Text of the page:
This was one of the great touring and recording bands of the 1980s, Harrell and Woods inspiring each other and the rhythm section inquiring and swinging. Woods didn't need to change anything about his own style, but it blossoms anew in counterpoint with Harrell's lyrical fire, and each album is handsomely programmed and delivered … Flash, the final album with Harrell (who has since been replaced by Hal Crook as the front-line horn), has the edge of some outstanding composing by the trumpeter – "Weaver" and "Rado" are particularly sound vehicles – and Crook's extra tones on a few tracks.
Novecento's recording Dreams of Peace featuring guitarist Stanley Jordan is a lush production that often melts into smooth jazz grooves, but the level of musicianship and the setails that are added keep this from being a soulless snoozefest. Novecento is comprised of the Nicolosi siblings Dona (vocals), Lino (rhythm guitar), Rosanna (bass), and Pino (keyboards). Along with Jordan, who plays lead guitar on the entire album, the Nicolosis recorded and mixed Dreams of Peace at their studio in Milan, with some additional sessions done in California.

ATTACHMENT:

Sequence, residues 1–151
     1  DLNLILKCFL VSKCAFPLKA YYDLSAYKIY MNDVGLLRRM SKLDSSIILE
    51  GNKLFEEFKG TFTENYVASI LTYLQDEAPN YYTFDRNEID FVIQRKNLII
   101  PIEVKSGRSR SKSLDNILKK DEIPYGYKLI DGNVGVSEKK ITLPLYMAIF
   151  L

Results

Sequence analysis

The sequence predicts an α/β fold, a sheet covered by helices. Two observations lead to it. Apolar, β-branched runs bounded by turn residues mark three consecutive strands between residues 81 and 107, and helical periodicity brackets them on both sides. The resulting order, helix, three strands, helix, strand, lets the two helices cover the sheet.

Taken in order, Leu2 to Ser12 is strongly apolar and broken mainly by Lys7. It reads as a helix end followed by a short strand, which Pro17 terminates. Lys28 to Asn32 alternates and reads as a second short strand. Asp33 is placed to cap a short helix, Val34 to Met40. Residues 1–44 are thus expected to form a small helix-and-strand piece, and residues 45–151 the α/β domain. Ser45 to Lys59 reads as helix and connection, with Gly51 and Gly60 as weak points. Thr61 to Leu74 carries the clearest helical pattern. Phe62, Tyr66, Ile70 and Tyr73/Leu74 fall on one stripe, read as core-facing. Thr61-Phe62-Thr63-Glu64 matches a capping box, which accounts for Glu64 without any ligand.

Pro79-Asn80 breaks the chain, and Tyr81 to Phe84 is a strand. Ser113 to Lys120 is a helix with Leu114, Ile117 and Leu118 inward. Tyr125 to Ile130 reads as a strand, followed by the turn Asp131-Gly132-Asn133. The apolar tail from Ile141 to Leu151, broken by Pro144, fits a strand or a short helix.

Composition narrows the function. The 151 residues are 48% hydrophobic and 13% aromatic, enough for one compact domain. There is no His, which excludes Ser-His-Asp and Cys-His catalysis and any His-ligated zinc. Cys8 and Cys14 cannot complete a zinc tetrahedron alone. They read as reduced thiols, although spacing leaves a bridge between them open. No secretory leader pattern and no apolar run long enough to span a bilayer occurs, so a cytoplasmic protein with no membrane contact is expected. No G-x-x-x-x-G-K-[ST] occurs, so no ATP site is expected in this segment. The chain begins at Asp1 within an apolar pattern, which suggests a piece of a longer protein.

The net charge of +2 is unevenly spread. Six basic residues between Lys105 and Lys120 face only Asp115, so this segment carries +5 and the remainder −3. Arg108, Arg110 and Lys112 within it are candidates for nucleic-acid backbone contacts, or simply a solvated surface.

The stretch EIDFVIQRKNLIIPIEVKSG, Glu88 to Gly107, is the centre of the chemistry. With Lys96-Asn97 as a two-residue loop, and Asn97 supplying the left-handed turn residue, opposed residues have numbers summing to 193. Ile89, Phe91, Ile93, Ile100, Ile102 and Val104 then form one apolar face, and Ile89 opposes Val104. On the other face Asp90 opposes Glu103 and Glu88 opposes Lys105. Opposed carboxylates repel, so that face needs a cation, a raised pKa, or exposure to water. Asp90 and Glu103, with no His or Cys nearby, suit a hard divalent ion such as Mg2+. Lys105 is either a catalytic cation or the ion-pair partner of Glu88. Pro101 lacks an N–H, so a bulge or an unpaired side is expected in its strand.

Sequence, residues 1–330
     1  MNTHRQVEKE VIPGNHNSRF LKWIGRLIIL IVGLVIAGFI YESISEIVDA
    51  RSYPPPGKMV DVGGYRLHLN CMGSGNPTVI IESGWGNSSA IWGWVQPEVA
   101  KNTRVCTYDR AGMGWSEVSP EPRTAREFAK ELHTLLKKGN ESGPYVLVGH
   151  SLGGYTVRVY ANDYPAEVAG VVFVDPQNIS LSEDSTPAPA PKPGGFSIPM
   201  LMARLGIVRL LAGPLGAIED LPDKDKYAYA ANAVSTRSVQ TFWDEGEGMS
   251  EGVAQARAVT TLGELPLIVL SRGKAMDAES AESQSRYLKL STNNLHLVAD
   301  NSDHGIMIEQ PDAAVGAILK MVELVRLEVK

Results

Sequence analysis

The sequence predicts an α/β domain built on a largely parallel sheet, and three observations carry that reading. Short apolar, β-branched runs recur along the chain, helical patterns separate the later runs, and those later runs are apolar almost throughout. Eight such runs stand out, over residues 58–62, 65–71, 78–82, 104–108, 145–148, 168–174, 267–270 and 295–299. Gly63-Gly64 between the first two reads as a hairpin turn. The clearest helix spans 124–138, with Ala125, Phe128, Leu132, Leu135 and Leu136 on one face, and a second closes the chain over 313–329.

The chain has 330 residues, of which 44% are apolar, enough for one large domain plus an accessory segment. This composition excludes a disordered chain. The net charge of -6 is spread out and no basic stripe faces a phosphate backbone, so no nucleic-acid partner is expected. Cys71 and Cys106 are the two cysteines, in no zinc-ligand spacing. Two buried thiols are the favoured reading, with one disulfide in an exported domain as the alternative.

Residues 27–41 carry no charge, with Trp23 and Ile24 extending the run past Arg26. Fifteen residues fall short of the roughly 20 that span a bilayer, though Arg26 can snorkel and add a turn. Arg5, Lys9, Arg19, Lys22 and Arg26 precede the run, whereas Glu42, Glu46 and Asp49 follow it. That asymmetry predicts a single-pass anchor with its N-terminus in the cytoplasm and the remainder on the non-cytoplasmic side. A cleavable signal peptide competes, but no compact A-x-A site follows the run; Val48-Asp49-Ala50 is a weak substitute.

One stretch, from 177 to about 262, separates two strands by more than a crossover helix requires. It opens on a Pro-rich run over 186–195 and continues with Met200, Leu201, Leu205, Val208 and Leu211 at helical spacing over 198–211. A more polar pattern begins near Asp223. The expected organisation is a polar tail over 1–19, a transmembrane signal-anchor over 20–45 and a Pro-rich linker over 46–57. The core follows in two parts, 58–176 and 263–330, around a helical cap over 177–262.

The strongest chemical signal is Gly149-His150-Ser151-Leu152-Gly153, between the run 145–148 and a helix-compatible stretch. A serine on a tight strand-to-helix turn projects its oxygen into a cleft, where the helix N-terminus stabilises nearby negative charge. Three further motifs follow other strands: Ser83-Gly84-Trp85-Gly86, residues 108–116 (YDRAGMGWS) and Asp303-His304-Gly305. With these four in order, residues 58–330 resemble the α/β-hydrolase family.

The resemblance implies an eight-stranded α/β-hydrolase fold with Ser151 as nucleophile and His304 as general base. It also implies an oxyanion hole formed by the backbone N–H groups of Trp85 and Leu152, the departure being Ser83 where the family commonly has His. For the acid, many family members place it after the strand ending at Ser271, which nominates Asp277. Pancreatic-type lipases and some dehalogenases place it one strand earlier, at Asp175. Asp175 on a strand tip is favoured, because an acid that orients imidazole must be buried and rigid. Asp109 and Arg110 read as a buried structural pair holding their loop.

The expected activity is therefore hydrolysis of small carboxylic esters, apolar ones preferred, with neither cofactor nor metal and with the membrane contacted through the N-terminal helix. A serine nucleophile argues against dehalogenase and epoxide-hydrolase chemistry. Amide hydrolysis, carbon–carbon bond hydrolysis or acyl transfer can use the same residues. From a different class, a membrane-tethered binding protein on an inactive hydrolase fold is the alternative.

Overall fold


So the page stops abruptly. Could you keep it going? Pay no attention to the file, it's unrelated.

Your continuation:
Shawn Colvin has landed a few tunes on the pop charts over the course of her career, and Steve Earle was briefly a legitimate country star. But in 2016, as the two team up for their first album as a duo, Colvin & Earle are folkies – hip folkies, to be sure, but at heart two singer/songwriters on the far side of 50 who like swapping harmonies and strumming their acoustic guitars. Colvin & Earle sound like good friends who enjoy singing together, and this album has a lively and spontaneous atmosphere, especially when the two are singing old covers.